Michael Clayton is the fast paced legal, corporate greed and assassination thriller that starts and ends with a bang. Michael Clayton sizzles with skin crawling gluttony, blood moving action and overflows with tragic characters.
Michael Clayton (George Clooney) is an ethically questionable problem fixer for a high priced corporate law firm whose largest client is an agricultural products company. The ingenious lawyer assigned to the case, Arthur Edens (Tom Wilkinson) begins to slip down the mental health mountain and eventually succumbs to a near mental collapse. Clayton is assigned to containing Arthur, his mentor and good friend. Not everything a crazy person says is crazy, no matter how crazy it sounds, and Clayton has to decipher what is corporate insanity and what is personal insanity!
Michael Clayton doesn’t rely exclusively on the thrill of the law to raise the blood pressure and to titillate the senses. They use the explosions, fighting, break-ins and mental breakdowns to get the audience utterly wrapped up in the rise and fall of the tumult raging on screen. The characters aren’t spared any fear; mental, emotional or physical.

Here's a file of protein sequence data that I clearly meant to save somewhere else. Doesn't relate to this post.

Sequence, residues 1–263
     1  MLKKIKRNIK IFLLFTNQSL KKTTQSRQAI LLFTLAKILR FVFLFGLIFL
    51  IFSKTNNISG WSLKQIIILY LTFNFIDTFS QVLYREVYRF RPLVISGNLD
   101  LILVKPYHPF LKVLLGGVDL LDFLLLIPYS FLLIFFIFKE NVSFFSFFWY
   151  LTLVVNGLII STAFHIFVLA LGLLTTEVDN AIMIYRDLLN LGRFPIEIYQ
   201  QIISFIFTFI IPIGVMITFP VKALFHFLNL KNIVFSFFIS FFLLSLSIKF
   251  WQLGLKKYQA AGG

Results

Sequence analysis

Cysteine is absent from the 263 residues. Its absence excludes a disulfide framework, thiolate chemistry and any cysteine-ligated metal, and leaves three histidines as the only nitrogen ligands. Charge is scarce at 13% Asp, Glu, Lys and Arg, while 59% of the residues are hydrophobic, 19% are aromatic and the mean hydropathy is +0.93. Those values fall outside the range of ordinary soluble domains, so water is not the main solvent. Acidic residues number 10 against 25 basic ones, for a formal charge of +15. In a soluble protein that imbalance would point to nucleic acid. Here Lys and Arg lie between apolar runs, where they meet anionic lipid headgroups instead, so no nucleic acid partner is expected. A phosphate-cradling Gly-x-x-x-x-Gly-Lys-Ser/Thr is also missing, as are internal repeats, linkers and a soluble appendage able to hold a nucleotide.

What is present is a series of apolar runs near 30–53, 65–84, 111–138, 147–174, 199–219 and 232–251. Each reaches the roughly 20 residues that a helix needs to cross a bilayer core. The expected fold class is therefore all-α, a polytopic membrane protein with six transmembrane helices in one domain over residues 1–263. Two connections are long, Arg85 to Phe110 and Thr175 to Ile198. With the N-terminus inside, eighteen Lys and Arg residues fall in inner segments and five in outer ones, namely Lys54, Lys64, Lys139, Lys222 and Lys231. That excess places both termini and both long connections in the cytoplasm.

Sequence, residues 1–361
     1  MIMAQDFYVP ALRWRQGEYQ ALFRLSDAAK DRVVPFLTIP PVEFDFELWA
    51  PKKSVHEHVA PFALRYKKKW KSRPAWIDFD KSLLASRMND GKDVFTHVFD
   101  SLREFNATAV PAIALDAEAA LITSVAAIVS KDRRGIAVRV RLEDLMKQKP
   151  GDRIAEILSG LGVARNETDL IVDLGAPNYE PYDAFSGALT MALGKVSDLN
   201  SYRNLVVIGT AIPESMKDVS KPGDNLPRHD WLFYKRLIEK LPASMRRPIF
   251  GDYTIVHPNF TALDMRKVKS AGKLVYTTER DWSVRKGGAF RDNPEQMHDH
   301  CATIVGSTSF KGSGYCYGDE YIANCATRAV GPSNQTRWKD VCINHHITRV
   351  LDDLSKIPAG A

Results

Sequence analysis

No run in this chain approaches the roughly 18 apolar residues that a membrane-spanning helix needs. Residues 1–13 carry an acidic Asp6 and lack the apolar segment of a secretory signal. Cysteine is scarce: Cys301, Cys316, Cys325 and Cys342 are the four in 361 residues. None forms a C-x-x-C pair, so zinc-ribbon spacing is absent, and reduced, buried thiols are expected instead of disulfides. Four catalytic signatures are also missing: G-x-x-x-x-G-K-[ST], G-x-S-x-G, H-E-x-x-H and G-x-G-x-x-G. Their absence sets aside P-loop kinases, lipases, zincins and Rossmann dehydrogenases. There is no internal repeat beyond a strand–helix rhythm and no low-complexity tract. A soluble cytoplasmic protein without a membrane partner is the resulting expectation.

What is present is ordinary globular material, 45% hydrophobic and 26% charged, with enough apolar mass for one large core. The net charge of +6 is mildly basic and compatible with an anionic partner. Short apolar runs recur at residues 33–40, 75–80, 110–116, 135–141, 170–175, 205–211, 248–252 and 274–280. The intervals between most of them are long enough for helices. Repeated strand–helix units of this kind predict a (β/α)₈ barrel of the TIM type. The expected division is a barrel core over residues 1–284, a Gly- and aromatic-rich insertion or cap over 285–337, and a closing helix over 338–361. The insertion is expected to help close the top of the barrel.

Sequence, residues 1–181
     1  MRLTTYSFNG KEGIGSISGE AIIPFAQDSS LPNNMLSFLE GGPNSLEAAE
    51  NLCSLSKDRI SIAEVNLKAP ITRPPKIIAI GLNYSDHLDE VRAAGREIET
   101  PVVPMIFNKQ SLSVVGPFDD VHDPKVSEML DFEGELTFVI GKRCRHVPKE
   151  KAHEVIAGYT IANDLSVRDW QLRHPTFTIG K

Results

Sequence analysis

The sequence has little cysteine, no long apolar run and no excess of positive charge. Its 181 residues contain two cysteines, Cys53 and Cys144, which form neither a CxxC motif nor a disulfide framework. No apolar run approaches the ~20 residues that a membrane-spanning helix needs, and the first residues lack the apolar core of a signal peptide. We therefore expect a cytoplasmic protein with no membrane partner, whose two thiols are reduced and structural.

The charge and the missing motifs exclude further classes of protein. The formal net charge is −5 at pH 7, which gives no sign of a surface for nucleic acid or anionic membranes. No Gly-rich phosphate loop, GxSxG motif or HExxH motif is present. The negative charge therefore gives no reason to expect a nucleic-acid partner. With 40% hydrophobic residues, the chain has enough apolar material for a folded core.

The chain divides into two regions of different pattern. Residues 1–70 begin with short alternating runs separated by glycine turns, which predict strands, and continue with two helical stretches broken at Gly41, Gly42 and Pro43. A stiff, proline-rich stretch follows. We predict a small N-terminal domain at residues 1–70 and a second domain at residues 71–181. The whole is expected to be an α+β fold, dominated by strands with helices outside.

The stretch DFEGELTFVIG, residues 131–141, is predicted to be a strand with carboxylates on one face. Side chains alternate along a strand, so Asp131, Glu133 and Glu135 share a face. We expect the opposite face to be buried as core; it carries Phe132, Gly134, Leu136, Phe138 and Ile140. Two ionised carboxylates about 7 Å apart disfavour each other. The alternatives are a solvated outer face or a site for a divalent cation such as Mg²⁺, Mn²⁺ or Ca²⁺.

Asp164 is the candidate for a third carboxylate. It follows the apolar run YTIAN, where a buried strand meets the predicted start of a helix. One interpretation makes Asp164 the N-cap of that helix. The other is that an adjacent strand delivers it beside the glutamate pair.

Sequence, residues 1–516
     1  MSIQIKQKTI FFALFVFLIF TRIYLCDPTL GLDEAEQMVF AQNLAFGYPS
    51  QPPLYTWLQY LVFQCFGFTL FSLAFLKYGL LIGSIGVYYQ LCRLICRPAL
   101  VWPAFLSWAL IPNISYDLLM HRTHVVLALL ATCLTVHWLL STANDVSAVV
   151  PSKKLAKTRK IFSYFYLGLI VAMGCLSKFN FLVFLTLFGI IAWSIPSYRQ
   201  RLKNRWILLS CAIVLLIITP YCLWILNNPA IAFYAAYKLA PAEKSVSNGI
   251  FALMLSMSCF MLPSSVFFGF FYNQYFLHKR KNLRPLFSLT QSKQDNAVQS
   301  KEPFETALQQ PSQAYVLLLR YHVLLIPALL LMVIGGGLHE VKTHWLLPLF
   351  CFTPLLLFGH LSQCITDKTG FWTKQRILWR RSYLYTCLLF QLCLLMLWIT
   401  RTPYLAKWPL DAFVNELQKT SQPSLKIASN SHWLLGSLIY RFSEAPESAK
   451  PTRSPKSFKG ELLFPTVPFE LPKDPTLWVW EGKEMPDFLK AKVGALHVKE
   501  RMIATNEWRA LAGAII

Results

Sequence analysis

Clooney and writer/director Tony Gilmore, formed Michael Clayton as morally derelict as Arthur Edens is mentally depreciated. Clooney’s portrayal is as insanely smarmy as the lawyer whose morals have been sold to his law firm for the cost of his gambling debts. Clooney masterfully spirals Clayton down an emotional whirlpool without drowning him in melodrama or trite clichés.
Playing someone headed for Looneytown is hard to do without driving the audience bananas. Tom Wilkinson made me furrow my eyebrows and sit on the edge of my seat. Arthur is over the edge but hanging onto the edge by his fingernails. Wilkinson gives Arthur one of the strongest set of fingernails I have ever seen in a movie. His cranial dilapidation is one of the most captivating elements of the movie.
The last fifteen or thirty minutes of Michael Clayton left me shaking. My muscles were tense, my heart was pounding. I could barely stay in my seat I was so worked up. I didn’t realize it until I finally let go but my hand were so tense around the cup holder, it was painful to take them off and my arms were sore from the exertion. My jaw hurt from grinding my teeth. I haven’t had as much fun or thrilled while sitting upright in a very long time.
See Michael Clayton because it is one of the scariest and most exciting corporate greed stories because of its great acting and fantastic action sequences.
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